I travelled through Colombo to get to the Hotel Shalimar where I was to be met at 6am the next morning by the project staff. The local people of Sri Lanka are all so welcoming and hospitable, and it was easy for me to say that, even feeling a little intimidated to be alone in this whole new world, I still felt safer there than I did walking the streets of London.
The drive from the airport is your first taste of Sri Lankan culture: tuk-tuks whizz past everywhere you go, and within the midst of the trees that border the city, you see young children playing, women carrying water and rice, and men working in the forest. Traditional Sri Lankan music filters into your ears along with welcome smells of local cuisine as you descend further into the city.
Fighting the urge to pinch myself to know that this was really happening, and the rest of my family, friends and colleagues really were thousands of miles away on an entirely different continent, I heard my dad’s voice telling me to just make sure I took everything in. So, that I did.
After roughly a 45-minute drive we arrived at the Hotel Shalimar, and I bid my taxi driver a fond farewell after thanking him for the interesting conversation – and the air conditioning! Once in my room, I confirmed my pick-up time in the morning with project facilitator Chinthaka, then had my first authentic Sri Lankan meal of fried rice, chicken and grilled vegetables. I was never a fan of spicy food, and the spice at first was somewhat difficult, but the delicious exotic tastes trumped the heat - in fact, it complimented it. I then crawled into a comfortable king-sized bed, where I finally allowed myself to succumb to the pull of the jet lag which had been tugging on my every move since landing.
I headed down to the foyer at around 5.50am to wait to be picked up by project staff where I met a fellow volunteer, Erwan. I was relieved to find another volunteer who was starting on the same day as me, as I was worried I would have to travel to Kandy alone. What’s more, I was pleasantly surprised to discover that Erwan and I would be joined by a further 2 volunteers when we picked up a mother and daughter from another hotel.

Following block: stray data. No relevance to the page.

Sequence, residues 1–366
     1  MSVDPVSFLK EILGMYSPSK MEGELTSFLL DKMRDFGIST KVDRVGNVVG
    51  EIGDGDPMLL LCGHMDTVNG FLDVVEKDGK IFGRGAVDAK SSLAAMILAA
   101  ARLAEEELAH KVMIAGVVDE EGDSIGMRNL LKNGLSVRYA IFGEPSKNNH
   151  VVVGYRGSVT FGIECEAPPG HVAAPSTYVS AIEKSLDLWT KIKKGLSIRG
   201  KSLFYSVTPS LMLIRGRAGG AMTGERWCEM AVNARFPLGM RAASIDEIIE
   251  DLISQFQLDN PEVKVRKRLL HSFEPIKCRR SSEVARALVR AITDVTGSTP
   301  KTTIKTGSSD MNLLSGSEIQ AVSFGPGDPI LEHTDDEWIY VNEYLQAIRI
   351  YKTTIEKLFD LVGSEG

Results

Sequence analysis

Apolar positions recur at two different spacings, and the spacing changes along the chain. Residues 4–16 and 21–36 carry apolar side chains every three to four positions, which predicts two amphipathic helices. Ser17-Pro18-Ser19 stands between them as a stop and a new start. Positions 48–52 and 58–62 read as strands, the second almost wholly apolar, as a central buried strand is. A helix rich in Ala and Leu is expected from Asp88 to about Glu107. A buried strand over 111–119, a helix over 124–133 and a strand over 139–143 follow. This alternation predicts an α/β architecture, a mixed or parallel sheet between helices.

Driving to the train station, we were 4 people from 3 different countries - France, England and China - yet we had all united for once cause. Very quickly I realised just how special that was!
The project staff helped us to lug our bags out of the car and told us to wait where we were while they went to arrange the train tickets. They waited with us amongst the locals travelling with their families, or businessmen on their way to work, to ensure we boarded the right train. When it arrived, delayed a little by the rainy weather, it seemed to be everything I expected it to be. A rickety old train that did what it needed to do. It was impossible not to compare this public transport with the kind we have back home. The difference was, there wasn’t litter all over these trains, no one was judging anyone else, there were no issues whatsoever. Everyone just got on the train and prepared to depart on our journey. And what a journey it was…
Thus far, I had witnessed a little of rural Sri Lanka that laid on the outskirts of the city, but the train journey from Colombo to Kandy was utterly beautiful. The surrounding jungle was brilliant green from the blooms of the rainy season, and you could see sparkling waterfalls trickling down the mountains in the distance. There were winding roads that just seemed to go on and on forever, and every so often you would see a family of 3 or 4 riding one motorbike!
We began to pass through a valley, and you could see the mist and the clouds that encompassed the mountains on the distant horizon. It made me wonder what mysteries lay within and the locals called us over to see the view from the open doors. Some locals were even hanging onto the side of the train!
The rest of my trip was honestly one of the best experiences that I have ever had. The moment you witness an elephant in the wild is one of the most breath-taking experiences that words simply cannot do justice. While it may have taken me a day or two to adjust to an entirely new culture, the transition was smooth and easy. You realise on arrival that everyone is in the same boat and that everyone is just there to do the same thing. You very quickly become family, and I can honestly say that I now have a new collection of friends for life.
This trip was a total and utter whirlwind. I was fortunate that my illnesses did not play up during my time in Sri Lanka, and I honestly think that that is because I have never felt such tranquillity or more at peace in my whole 22 years. If a volunteering trip is something that you are on the fence about, the only thing I would advise is that you go for it. Go and grab the world by the horns with both hands – I can promise you will not regret it!